These key lines of critical enquiry, which are of course very much braided together, have generated a very different theatre-historical narrative, one this Handbook tells at length and from a panoply of disciplinary perspectives. The contents page alone offers a clear sense of how we have sought to distil new insights and developments, and to give space to the cultural practices, objects, and voices that were once the silences within the historiography. You will not find chapters dedicated to such topics as provincial theatre, prologues and epilogues, or afterpieces. These should not be seen as omissions-far (p. 3) from it. In manifestly not positing these areas as discrete chapters it was the editors' hope that discussion of them would become a recursive feature of the Handbook and that contributors would necessarily bring methodologies to bear upon their topics that look beyond the London stage or the mainpiece drama. For instance, alongside Odai Johnson's consideration of theatrical culture in colonial America (Ch. 37), you will find a number of chapters that give attention to thriving provincial stages across the British Isles. Ultimately, both discretely and collectively, the chapters in this book paint a picture of the culture of Georgian theatre as one of significant generic fluidity and experimentation; of continual transactions between legitimate and illegitimate modes and arenas of performance (in which the very notion of 'legitimacy' was endlessly recalibrated); of networks of performance that spread far beyond London; and of professional women who played a pivotal role in every aspect of production, as playwrights, performers, and managers.
At its best, this new history of Georgian drama has not simply inverted the emphases of the narrative it has displaced. Julia Swindells is typically incisive when she warns us, in a note in her chapter here (Ch. 6), that if we recuperate the 'popular' as a discrete category of class or culture we will only 'ghettoize certain forms of cultural productivity, confirming class prejudice rather than illuminating cultural formation' (n. 3). In this light we are now moving towards an understanding of eighteenth-century culture in which 'high' and 'low' or popular cultures were deeply enmeshed at discursive and embodied levels. One need only look to the average playbill at Drury Lane or Covent Garden-where tragedies, pantomimes, ballad operas, burlettas, and dances constituted a nightly continuum of performance-to recognize that these patent playhouses were never the bastions of 'official' culture that they so anxiously claimed to be, and to understand that their institutional heralding of legitimate drama was itself a highly commercial strategy, a reflex of precisely the profit imperative for which alternative sites and modes of entertainment were routinely chastised. In much the same way, we have come to appreciate the doublethink of Romantic theatricality, as poets such as Wordsworth, Coleridge, and Byron-writers who fine-tuned the antitheatricalism that the critical establishment was to adopt as a default discourse-desperately sought the revenue and validation of the very public stage they decried (for more on which see the section 'Theatre and the Romantic Canon').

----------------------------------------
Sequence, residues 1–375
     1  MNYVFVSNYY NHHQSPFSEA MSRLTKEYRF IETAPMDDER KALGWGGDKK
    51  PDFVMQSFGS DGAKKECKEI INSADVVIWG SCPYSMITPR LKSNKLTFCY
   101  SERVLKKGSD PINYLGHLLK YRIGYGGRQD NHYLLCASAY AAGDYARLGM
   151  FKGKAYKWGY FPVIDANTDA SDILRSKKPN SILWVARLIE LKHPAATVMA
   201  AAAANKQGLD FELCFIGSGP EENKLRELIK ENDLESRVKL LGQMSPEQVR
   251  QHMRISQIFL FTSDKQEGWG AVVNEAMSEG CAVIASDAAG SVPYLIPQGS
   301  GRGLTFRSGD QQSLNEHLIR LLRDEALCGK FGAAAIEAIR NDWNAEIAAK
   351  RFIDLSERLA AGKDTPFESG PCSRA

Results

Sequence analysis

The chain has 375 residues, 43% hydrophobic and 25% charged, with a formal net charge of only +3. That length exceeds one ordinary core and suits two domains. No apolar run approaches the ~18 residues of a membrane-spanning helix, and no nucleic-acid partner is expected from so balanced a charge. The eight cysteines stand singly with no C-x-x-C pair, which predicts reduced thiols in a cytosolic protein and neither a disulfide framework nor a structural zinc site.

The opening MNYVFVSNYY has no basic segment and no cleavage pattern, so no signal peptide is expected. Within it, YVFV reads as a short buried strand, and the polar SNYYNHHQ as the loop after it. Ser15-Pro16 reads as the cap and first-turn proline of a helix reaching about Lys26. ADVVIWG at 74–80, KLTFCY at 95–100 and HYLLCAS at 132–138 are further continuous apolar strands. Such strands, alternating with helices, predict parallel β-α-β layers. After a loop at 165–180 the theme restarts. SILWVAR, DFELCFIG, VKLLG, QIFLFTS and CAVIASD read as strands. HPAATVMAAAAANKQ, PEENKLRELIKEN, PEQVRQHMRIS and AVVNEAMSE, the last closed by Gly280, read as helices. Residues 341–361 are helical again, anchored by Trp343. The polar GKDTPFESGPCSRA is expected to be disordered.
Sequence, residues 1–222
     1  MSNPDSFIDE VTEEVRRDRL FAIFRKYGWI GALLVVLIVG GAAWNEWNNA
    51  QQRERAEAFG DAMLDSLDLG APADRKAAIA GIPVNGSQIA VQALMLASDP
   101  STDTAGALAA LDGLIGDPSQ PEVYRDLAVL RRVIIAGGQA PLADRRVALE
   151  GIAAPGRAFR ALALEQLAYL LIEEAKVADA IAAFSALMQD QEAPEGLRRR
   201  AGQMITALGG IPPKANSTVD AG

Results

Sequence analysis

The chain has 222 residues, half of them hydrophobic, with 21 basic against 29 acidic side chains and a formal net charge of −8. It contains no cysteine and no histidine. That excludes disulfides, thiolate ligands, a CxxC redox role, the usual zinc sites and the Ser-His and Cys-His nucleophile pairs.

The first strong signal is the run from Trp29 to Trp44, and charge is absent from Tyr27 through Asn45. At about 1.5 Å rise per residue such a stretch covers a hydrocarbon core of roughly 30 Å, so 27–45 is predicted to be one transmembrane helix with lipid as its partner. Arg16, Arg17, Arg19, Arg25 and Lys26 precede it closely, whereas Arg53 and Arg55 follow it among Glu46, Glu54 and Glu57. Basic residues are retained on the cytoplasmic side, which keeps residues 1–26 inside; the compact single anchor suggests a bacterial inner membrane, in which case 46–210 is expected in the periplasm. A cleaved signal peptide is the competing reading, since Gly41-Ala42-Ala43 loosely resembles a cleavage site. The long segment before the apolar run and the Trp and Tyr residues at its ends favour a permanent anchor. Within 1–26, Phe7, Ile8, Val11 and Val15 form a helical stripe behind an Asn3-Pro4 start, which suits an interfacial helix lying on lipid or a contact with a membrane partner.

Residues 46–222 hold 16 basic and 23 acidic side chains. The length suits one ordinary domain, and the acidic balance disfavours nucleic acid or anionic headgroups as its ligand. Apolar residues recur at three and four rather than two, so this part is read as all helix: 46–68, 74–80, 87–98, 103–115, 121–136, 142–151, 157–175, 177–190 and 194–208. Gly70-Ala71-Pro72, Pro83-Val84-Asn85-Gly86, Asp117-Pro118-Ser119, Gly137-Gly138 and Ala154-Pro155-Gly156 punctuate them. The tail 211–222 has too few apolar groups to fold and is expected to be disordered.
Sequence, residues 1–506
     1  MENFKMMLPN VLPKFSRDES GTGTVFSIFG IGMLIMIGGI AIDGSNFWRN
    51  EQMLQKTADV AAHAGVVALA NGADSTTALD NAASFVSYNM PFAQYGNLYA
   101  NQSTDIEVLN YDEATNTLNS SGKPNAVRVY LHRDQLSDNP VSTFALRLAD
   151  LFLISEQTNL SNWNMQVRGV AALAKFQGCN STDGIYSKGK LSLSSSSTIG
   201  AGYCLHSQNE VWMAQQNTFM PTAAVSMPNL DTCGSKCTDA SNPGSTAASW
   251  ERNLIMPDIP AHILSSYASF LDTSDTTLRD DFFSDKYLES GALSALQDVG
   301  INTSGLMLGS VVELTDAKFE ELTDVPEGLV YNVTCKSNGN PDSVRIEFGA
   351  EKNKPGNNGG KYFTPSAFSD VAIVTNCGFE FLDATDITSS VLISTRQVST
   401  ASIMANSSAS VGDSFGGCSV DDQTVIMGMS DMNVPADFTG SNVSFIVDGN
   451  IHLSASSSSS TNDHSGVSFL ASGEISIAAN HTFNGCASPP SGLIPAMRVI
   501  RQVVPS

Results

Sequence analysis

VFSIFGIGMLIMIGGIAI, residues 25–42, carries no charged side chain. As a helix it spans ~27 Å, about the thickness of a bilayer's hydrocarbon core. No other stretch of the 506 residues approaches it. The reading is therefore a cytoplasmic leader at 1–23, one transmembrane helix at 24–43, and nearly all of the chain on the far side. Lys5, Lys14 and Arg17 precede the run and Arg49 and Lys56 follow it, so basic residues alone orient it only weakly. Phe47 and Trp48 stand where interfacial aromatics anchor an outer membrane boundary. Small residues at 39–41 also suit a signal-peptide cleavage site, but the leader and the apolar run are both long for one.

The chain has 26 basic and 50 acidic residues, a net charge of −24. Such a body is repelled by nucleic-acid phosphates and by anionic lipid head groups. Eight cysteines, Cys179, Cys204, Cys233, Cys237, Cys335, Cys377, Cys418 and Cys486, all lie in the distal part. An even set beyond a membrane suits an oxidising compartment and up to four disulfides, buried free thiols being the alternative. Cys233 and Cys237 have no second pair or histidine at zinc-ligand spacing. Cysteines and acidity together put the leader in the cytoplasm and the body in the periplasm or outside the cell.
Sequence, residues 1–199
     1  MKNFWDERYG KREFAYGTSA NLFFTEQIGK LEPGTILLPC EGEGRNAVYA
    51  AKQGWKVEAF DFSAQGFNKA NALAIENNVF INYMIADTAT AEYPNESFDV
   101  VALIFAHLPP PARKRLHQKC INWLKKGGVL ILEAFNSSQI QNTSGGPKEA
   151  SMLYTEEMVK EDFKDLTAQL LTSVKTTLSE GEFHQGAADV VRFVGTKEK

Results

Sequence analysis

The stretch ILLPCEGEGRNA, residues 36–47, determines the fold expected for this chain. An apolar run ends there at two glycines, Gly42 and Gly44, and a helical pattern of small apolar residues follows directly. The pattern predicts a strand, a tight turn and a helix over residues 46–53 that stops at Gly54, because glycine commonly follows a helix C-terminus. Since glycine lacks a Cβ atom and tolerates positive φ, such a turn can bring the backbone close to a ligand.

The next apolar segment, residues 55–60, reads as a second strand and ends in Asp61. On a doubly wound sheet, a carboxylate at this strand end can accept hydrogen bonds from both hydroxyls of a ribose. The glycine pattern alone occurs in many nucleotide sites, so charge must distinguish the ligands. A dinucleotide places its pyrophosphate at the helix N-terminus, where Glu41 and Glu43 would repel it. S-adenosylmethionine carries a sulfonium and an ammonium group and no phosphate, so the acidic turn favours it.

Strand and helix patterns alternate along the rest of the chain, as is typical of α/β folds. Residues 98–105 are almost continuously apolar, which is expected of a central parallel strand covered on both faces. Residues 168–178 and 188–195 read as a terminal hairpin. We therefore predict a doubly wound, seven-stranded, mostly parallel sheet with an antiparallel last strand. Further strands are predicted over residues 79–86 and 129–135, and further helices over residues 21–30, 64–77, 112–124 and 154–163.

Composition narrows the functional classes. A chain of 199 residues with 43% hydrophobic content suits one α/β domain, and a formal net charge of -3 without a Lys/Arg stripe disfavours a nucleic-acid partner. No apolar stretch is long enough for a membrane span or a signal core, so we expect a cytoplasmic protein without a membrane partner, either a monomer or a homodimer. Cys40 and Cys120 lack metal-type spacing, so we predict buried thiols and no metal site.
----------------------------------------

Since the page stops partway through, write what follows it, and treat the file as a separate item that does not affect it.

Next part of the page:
What is no longer in question is the cultural centrality of theatre in Georgian Britain. As Gillian Russell puts it: 'The metropolitan theatres formed a kind of Grand Central Station of eighteenth-century cultural and social networks, a place of meeting for individuals but also of ranks, circles and genders'.4 And with this acknowledgement has come a concomitant awareness of theatre beyond the confines of the playhouse. The politics of the period is now often broached precisely in terms of its theatricality, with recognition that the structures of parliamentary debate, of elections (especially in the constituency of (p. 4) Westminster), of patriotism, and of political protest, were all self-consciously performative. In eighteenth-century London, in particular, the playhouse was part of a dynamic web of performative sites that spanned the city-from the coffeehouses and taverns to the public squares and pleasure gardens, not to mention the House of Commons-and we are only just beginning to grasp the cogency of the relays and interfaces between these spaces. The theatre of politics sadly lies beyond the scope of this Handbook, but a concern with the politics of professional theatre sits at its very centre. This emphasis should be unsurprising. In the last two decades or so, critical studies and cultural histories of eighteenth- and early nineteenth-century theatre have spanned a wide array of approaches, but-again against the theoretical backdrop of new historicism and cultural materialism-almost all share a commitment in some form to reading the ideologies at work in the texts, modes, occasions, and spaces of dramatic representation.
And it is in light of this political focus that the present volume takes as its historical bracket not the Georgian era proper (1714-1830) but rather the period 1737 to 1832. These dates are intended as helpful nodes of discussion rather than fixed parameters, and many of the chapters here range beyond these years. Kristina Straub (Ch. 13) and Bridget Orr (Ch. 35), for instance, necessarily look back to the close of the seventeenth century in offering genealogies of the theatrical discourses of sexuality and sentimentalism respectively, while Jim Davis (Ch. 9) contends that in theatre-historical terms the Georgian era more accurately ends in 1843, the year of the Theatre Regulation Act. Nonetheless, 1737 and 1832 are significant dates in the political history of British theatre. In 1737 the Licensing Act instituted the formal pre-performance censorship of spoken-word drama that was to remain in place until 1968, and so silenced openly oppositional and politically satirical plays of the kind written by the likes of John Gay and Henry Fielding. And 1832 is the year in which theatre became a serious enou...